On Dec 12 2018 by William A. Stock
CLIENT ALERT: Effects of a Potential Government Shutdown on Immigration Processing and Programs
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After a contentious White House meeting yesterday, news reports are speculating that Republicans and Democrats might not be able to reach agreement on spending bills for several immigration-related agencies after December 21. Unlike past shutdowns, full funding for the Department of Labor was passed in September this year.
While it is still too soon to know whether a shutdown will actually happen and how long it will last if it does, we are aware that clients may be concerned about the effect of a shutdown on immigration processing, particularly given how many clients travel at this time of year. There are also four immigration programs, including the EB-5 Regional Center program, whose statutory authorization is tied to the remaining government funding bills.
International travel may be the immigration function most immediately impacted. For clients traveling internationally who have an unexpired visa, there will likely be no effect. In prior government shutdowns, U.S. Customs and Border Protection has continued to operate normally at all ports of entry and border posts because these employees were considered essential government personnel, necessary for national security. It is, of course, possible that the current administration could try to limit the scope of CBP operations at airports during any shutdown, potentially making travel by nonimmigrant visitors and workers more difficult.
For clients traveling internationally who were planning to renew a nonimmigrant visa while abroad, a shutdown could delay their return to the United States. The State Department funding bill has not been passed, and consular operations have been subject to prior government shutdowns. American citizen services have continued overseas as an “essential” government function. Visa issuances and consular interviews, however, will likely be suspended with only very limited (humanitarian emergency) exceptions. Clients planning overseas travel during the next few weeks who need a new visa stamp to reenter the United States should note that their consular interviews should be scheduled as far before December 21 as possible. Since visas normally take 1-2 business days at least to be issued, even travelers with interview dates early in the week of December 17 could be delayed in receiving their visas. Appointments after December 21 may be cancelled and seriously delayed.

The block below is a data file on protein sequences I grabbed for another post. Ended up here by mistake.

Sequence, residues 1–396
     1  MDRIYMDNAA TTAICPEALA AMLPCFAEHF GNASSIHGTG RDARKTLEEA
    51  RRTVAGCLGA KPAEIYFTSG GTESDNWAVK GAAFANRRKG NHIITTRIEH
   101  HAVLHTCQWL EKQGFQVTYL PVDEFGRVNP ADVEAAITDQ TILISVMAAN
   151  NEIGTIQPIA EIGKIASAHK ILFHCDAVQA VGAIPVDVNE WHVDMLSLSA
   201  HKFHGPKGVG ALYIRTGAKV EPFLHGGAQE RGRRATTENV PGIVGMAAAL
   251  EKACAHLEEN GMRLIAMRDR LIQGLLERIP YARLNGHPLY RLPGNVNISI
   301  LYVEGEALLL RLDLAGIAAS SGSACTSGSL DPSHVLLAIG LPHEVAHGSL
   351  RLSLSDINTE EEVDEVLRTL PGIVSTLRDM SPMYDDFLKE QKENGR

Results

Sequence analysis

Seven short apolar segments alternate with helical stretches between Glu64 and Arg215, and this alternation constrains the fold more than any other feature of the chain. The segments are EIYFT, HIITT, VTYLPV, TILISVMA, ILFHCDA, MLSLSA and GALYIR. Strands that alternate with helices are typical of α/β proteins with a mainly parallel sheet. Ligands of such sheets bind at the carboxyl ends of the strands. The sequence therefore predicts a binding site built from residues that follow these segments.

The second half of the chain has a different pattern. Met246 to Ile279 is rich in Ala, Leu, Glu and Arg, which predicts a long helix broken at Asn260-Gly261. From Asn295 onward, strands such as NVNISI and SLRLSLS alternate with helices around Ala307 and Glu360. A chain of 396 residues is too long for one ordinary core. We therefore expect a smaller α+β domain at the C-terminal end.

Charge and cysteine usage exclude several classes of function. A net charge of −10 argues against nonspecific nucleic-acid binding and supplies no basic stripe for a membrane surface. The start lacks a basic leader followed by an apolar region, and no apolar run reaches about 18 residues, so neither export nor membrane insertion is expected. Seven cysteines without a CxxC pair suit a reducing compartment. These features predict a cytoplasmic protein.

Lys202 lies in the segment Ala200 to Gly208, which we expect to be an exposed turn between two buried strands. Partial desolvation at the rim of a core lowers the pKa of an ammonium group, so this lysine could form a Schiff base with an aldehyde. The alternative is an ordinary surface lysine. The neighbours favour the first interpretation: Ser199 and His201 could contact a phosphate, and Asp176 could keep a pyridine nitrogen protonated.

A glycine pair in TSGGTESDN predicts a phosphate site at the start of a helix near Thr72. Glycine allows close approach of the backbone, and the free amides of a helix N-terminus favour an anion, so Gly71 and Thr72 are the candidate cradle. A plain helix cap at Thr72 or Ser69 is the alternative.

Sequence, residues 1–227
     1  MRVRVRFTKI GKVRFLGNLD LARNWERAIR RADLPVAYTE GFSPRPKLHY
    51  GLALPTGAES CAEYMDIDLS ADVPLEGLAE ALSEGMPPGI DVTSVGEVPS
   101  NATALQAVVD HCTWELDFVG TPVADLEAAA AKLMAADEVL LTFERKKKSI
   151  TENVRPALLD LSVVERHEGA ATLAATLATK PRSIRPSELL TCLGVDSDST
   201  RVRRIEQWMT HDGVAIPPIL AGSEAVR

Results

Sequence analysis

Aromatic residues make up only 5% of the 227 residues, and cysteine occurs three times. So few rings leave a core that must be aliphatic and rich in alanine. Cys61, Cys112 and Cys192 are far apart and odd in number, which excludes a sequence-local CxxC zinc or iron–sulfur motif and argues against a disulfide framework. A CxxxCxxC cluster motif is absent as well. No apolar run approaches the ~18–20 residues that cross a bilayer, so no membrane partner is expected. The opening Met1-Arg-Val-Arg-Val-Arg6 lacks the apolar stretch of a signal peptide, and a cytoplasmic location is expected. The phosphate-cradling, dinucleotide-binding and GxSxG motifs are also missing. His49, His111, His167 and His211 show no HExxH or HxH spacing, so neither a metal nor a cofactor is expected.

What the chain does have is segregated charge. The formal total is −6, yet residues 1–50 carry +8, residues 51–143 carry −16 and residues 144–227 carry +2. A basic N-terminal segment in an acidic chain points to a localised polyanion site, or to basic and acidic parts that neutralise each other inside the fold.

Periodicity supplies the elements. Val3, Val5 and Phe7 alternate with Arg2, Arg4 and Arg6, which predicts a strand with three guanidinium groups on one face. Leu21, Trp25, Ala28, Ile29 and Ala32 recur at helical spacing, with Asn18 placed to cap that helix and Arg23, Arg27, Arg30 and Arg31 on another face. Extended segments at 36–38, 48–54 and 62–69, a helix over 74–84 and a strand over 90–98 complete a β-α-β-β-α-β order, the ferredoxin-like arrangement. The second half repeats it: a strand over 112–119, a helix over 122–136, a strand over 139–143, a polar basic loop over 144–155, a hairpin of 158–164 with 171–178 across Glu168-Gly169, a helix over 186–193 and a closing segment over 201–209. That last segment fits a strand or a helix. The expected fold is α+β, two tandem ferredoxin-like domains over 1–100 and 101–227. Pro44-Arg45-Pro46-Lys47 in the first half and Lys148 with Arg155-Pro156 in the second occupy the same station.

Clients needing extensions of stay or changes of employer in the United States will likely not be affected. In prior government shutdowns, USCIS has been open with business as usual even when the rest of the U.S. federal government shuts down. USCIS is a fee-based government agency, and therefore a government shutdown should not affect the agency’s normal operations. The current administration, however, could issue a different legal interpretation and require USCIS to shut down as part of the government shutdown. Since U.S. Department of Labor has had its full year funding authorized, however, it should not cease operations the way it did during prior shutdowns, meaning that Labor Condition Applications (LCAs) and labor certification (PERM) applications should be able to be filed after December 21.
In addition to the disruption of agency operations, clients using one of four immigration programs will likely not be able to use those programs during any shutdown. For clients who use E-Verify when hiring new workers, the system will not be operational during a government shutdown. Employers will have to make a plan to run E-Verify checks after the shutdown for new hires during the shutdown, since workers can be hired and an I-9 can be completed for them, but the E-Verify system will be unavailable.
Clients will also be unable to file I-526 petitions for investor immigration status if they are applying pursuant to the Regional Center program. Other EB-5 petitions can be filed during the shutdown, but the statutory authorization for the EB-5 Regional Center program will be suspended during the shutdown. Similarly, H-1B petitions under the Conrad 30 J-1 Waiver program for physicians and petitions under the Special Immigrant Nonminister Religious Worker program will be suspended during the shutdown.
If Congress and the President are unable to reach an agreement, the federal government will close at midnight December 22. For more updates, visit us online at www.klaskolaw.com or contact your Klasko attorney today.
The material contained in this article does not constitute direct legal advice and is for informational purposes only. An attorney-client relationship is not presumed or intended by receipt or review of this presentation. The information provided should never replace informed counsel when specific immigration-related guidance is needed.
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